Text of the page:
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Monday, June 25, 2007

Trip to Japan: Day 2 6月18日月曜日

Monday was a rainy day. After checking out of my hotel, I took a walk from Shinsaibashi 心斎橋 to Dotombori 道頓堀, the liveliest nightlife area in Osaka 大阪. Rainy Monday mornings are a different matter, of course. On the way there, I stopped at a Family Mart convenience store and bought a bottle of Skal スコール, one of my favorite drinks in Japan. Skal is a carbonated yogurt drink that for some reason is difficult to find outside of western Japan. Here's a picture of the bottle, next to a shot taken from my hotel room window.

Two Dotombori icons that every tourist takes a photo of: the Kuidaore clown 食い倒れ人形 and the Kani-doraku かに道楽 crab. Kuidaore Taro has been beating his drum since 1950, while the giant crab has been moving its legs since 1960. I wanted to get a picture of the Glico Man, but his image was covered up as part of some kind of maintenance work.

Later that morning, I met Toshiaki, a former student of mine in Yokkaichi 四日市, and his wife Satoe. Toshiaki was a great help to me in planning my trip, especially with all the information he sent regarding Ominesan 大峰山 and Dorogawa 洞川. They drove me to see Taimadera 當麻寺, which is noted for a large mandala of a Buddhist paradise weaved in the 8th century by a nun called Chujo-Hime 中将姫. I know this because I was given a tour of the temple by Shiho Kuzumoto, the daughter of the head priest. Ms. Kuzumoto did a great job explaining, in very good English, the history behind the temple, and the significance of the treasures it contains.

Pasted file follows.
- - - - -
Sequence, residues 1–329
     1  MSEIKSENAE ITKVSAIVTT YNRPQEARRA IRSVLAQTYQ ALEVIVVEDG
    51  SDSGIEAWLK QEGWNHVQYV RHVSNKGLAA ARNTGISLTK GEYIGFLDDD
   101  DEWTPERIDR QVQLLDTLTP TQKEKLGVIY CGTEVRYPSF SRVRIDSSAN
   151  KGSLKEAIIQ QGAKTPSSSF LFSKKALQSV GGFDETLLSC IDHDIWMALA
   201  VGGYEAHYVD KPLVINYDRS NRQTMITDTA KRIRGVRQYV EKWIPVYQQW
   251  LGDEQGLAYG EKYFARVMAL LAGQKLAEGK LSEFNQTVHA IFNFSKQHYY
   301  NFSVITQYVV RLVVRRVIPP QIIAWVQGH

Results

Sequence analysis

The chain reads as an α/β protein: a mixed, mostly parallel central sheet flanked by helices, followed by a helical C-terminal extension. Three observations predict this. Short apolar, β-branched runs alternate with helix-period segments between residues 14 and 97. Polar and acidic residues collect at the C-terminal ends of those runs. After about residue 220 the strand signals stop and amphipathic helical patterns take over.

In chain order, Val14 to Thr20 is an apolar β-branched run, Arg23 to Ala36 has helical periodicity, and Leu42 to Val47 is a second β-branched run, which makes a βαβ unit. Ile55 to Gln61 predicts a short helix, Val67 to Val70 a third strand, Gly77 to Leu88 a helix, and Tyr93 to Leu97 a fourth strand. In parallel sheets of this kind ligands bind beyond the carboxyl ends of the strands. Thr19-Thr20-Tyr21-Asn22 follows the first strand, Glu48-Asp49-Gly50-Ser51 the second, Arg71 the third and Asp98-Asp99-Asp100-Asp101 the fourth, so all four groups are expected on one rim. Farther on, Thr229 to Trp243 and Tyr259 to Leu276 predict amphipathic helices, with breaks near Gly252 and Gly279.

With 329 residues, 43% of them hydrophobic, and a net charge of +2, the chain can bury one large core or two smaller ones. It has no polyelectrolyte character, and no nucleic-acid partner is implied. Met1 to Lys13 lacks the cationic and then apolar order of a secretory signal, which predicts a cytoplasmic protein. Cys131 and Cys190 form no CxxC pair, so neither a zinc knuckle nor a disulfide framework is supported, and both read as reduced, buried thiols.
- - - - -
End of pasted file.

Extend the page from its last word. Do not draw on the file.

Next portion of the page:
Next, Toshiaki drove me to Kashihara-jingu 橿原神宮, a Shinto shrine dating from 1889, and dedicated to Japan's mythical first emperor, Jimmu 神武天皇. Afterwards, we had lunch, and then they dropped me off at Kashiharajingumae Station 橿原神宮前駅. I really enjoyed spending the late morning and early afternoon with the Miyazakis, and I hope someday I can return the favor should they ever visit me.

From Kashihara, I took the Kintetsu Line 近鉄線 to my final destination of the day, Yoshino 吉野. From Yoshino Station, you take a cable car to the village of Yoshino, which sits on the spur of Yoshino Mountain 吉野山. That's what the Lonely Planet guidebook states. What the LP guide doesn't tell you is that the village itself is built on a hill. I had to walk about 2 kilometers (1.2 miles) uphill while pulling my small suitcase behind me. By the time I reached my lodgings, the sweat was pouring off of me. To my initial shock, no one at the Yoshino-yama Kizo-in 吉野山喜蔵院, a temple that also serves as a youth hostel ユースホステル seemed to know I was coming, despite my having had a reservation made nearly 2 months before. As it turned out, however, I was the only guest there that night (and the first one since the previous Thursday, according to the guest book), and thus had an 8-tatami mat room 八畳部屋 all to myself. At ¥4480 ($36 or NT1185), including dinner and breakfast, I certainly couldn't complain about the price.

Next: Yoshino to Dorogawa

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